VERIFY: Are real Hamilton tickets already for sale in Houston?

The Hobby Center box office says the general public won't get access to tickets to see the famous play until next March, so how are some ticket resellers already offering seats online?

By the time Hamilton hits Houston next spring, tickets will be long gone, according to Ticket Stop broker Jack Stopnicki.

“It’s going to be hard for everyone to get tickets,” he says. “It’s all going to go on sale and everyone’s going to be trying.”

The Hobby Center box office says the general public won’t get access to those tickets until March 2, 2018. So how are some ticket resellers already offering seats online?

You can buy tickets for opening night, which is April 24, 2018, on Vivid Seats for anywhere from $414 up to nearly $3,500.

Box Office Tickets go up to about $4,000 for a coveted spot in the Orchestra Center section.

“There are some brokers who will spec tickets,” Stopnicki says. “They’ll just put a seat on there. They’re just trying to feel the market to see what it is.”

How can brokers get access to those seats before you? Some use Ticket BOTs. Those are software programs designed to pick up as many tickets as possible – and as of December, they’re illegal.

“This is a new act, but it’s one we’re taking seriously,” says Melissa Dickey, an attorney for the Federal Trade Commission. “We do understand that this is a very frustrating issue for many consumers.”

BOTs are one of the reasons the Houston Livestock Show and Rodeo introduced its “Waiting Room.”

In a statement, President and CEO Joel Cowley says that “creates the opportunity to monitor and subsequently evaluate any fraudulent or questionable buyers in the purchase flow and remove them prior to the event becoming available to purchase.”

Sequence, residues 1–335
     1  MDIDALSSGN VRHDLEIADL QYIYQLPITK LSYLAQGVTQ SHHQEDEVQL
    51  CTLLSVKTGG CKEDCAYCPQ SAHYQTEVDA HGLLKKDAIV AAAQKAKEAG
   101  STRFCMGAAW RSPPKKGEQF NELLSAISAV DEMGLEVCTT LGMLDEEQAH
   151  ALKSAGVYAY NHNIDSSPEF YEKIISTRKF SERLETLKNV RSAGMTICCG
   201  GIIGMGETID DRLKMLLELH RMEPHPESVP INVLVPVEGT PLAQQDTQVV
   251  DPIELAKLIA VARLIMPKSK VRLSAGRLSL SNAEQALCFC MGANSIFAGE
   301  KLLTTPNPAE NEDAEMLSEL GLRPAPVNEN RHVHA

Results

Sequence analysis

Another issue: there just might not be as many tickets available as you think.

“The tickets are being reserved for promoters, sponsors, sometimes brokers or for fan club members or holders of certain types of credit cards,” Dickey says.

That can eat up a big chunk of the ticket pool and promoters and venues don’t usually tell us how many are left when it’s our turn.

"They need to tell the public how many seats they’re putting on sale,” says Stopnicki. “That gives everyone a fair chance.”

You might feel like the odds are stacked against you – and sometimes they are – but here are a few tips from the FTC to score the tickets you’re after:

  • Join fan clubs for early access to tickets
  • Know when they go on sale and be ready
  • If possible, use multiple computers or devices to try to buy them

If you suspect someone is buying tickets illegally, report them here.

VERIFY: Sources

Melissa Dickey, Federal Trade Commission attorney
Jack Stopnicki, Ticket Stop ticket broker
Joel Cowley, HLSR president & CEO

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© 2017 KHOU-TV


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